Though the Riverdale, Md. operation is technically in the ‘burbs, Vinnie had brought a very applicable idea to present—creating a cold frame. This is basically a small-scale version of a greenhouse. It can keep conditions nice and comfy for your veggies into the late fall, or let you start your plants earlier in the spring, thus extending a growing season of six months to nine or 10.
You can make one of these with a used window, reclaimed two-by-eights and one-by-fours, used mountain bike tires, hinges, screws, and a latch. You’ll probably also need some handiness, and definitely access to power tools that go beyond my electric drill. But if you know what you’re doing and have a friend with a circular saw and such, Vinnie assured us, you can make one of these babies for under $20.
An alternative is to create a “low frame,” or mini hoop house. A member of Master Peace described how she had done that with some CPVC and copper piping, “elbows” to connect them, and heavy row cover.
I was delighted with both of the workshops I attended, and my fellow gardeners enjoyed their other workshops and discussions. They also got a whole bunch of free seeds for our ’09 garden season.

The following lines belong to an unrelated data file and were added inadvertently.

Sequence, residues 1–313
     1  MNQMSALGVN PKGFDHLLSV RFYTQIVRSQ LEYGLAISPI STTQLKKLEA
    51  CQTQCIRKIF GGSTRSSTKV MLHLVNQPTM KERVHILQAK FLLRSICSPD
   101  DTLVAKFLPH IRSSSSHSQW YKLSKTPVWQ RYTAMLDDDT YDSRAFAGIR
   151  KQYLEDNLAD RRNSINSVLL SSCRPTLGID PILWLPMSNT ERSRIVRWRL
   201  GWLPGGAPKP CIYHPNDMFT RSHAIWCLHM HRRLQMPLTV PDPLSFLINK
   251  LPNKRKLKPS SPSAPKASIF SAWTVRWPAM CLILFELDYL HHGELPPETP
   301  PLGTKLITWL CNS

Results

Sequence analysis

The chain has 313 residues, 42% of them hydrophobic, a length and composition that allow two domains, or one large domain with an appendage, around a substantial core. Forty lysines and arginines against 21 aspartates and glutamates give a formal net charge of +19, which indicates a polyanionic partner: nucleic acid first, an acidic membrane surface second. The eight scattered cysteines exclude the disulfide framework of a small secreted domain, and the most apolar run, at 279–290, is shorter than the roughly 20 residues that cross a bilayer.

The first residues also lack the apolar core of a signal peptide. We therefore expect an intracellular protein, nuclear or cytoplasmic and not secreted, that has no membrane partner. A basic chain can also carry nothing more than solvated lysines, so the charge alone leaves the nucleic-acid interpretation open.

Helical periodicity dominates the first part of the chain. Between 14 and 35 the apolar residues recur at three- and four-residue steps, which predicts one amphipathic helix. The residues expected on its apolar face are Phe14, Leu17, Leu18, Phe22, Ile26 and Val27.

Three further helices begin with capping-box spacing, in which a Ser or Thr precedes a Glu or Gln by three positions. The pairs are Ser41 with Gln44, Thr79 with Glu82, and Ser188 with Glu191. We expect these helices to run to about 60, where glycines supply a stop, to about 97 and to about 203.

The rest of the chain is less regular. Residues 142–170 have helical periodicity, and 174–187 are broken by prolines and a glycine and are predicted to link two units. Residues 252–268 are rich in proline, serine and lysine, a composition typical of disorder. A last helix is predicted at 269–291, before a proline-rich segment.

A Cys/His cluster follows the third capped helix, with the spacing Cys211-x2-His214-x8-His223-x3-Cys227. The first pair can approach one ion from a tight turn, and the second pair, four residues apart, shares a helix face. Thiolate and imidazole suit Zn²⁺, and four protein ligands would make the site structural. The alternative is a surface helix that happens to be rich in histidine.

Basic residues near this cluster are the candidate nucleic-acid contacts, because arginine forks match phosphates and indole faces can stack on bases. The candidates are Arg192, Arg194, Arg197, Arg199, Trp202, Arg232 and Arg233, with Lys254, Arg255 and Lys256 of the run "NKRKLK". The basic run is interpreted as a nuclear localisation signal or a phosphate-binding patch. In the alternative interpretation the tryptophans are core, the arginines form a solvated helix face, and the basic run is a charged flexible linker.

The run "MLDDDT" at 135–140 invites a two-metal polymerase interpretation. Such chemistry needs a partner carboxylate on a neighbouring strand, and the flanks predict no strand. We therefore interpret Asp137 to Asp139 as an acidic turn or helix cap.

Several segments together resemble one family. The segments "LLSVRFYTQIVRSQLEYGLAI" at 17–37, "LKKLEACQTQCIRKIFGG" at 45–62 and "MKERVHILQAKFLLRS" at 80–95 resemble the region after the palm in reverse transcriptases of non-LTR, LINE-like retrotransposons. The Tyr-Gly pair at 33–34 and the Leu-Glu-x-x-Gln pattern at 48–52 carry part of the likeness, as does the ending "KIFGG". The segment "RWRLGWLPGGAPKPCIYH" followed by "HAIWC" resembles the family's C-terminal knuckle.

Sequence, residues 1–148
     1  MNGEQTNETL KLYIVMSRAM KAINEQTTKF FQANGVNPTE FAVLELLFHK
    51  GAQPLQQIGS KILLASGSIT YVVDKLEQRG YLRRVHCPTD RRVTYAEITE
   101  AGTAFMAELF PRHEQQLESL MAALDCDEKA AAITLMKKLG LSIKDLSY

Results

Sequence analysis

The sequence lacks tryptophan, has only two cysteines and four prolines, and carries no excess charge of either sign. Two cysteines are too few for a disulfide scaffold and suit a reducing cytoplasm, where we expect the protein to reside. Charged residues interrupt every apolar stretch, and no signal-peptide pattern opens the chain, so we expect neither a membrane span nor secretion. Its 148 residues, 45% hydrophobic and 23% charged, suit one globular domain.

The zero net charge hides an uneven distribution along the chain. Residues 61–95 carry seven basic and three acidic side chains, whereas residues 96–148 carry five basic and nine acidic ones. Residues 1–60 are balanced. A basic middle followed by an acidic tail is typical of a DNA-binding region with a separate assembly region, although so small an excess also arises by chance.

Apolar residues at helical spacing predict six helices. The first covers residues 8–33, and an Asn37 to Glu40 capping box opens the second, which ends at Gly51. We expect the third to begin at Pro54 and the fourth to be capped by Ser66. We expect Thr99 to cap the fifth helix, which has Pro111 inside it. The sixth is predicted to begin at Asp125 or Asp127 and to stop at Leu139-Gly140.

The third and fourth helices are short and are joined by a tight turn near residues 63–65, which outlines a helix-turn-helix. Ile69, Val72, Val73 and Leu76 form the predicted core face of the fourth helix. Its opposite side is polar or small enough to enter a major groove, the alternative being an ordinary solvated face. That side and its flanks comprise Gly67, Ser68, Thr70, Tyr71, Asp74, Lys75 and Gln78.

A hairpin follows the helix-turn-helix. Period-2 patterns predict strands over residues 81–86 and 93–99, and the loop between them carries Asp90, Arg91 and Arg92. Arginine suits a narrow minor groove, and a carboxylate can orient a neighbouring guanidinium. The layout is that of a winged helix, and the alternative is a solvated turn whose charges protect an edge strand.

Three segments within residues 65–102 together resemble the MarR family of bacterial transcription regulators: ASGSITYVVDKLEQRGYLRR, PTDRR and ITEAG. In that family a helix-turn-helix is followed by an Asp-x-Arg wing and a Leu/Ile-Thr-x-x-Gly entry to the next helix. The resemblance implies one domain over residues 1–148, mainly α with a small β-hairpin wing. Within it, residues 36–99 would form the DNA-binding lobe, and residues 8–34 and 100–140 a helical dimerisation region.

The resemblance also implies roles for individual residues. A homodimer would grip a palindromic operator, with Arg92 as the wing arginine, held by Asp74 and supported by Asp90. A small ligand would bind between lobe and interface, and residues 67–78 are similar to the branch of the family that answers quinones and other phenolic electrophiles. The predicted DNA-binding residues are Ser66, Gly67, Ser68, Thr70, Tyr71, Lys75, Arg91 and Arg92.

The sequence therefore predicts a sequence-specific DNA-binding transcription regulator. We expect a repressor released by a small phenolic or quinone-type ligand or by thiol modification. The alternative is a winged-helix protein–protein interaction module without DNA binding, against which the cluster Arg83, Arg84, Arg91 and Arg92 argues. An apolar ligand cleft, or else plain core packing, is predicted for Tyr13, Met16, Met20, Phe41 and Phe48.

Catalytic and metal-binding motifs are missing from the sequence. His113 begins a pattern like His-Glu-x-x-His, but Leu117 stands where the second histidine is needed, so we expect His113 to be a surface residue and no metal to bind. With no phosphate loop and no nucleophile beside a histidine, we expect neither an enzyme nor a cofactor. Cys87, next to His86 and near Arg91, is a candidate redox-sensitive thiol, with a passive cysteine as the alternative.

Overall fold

The coolest thing was this: These organizers were not just master gardeners and experienced farmers, but people who knew about the needs, desires, and challenges of the urban gardening set. They knew about gardening in containers and fighting the onslaught of a mild but veggie-killing winter, and even about rats loving your compost.
Like a microclimate, DC has its own tiny gardening system. This day was so focused on our little constellation of conditions, I wanted to find whoever was responsible and promise that person every perfect tomato of my next five growing seasons.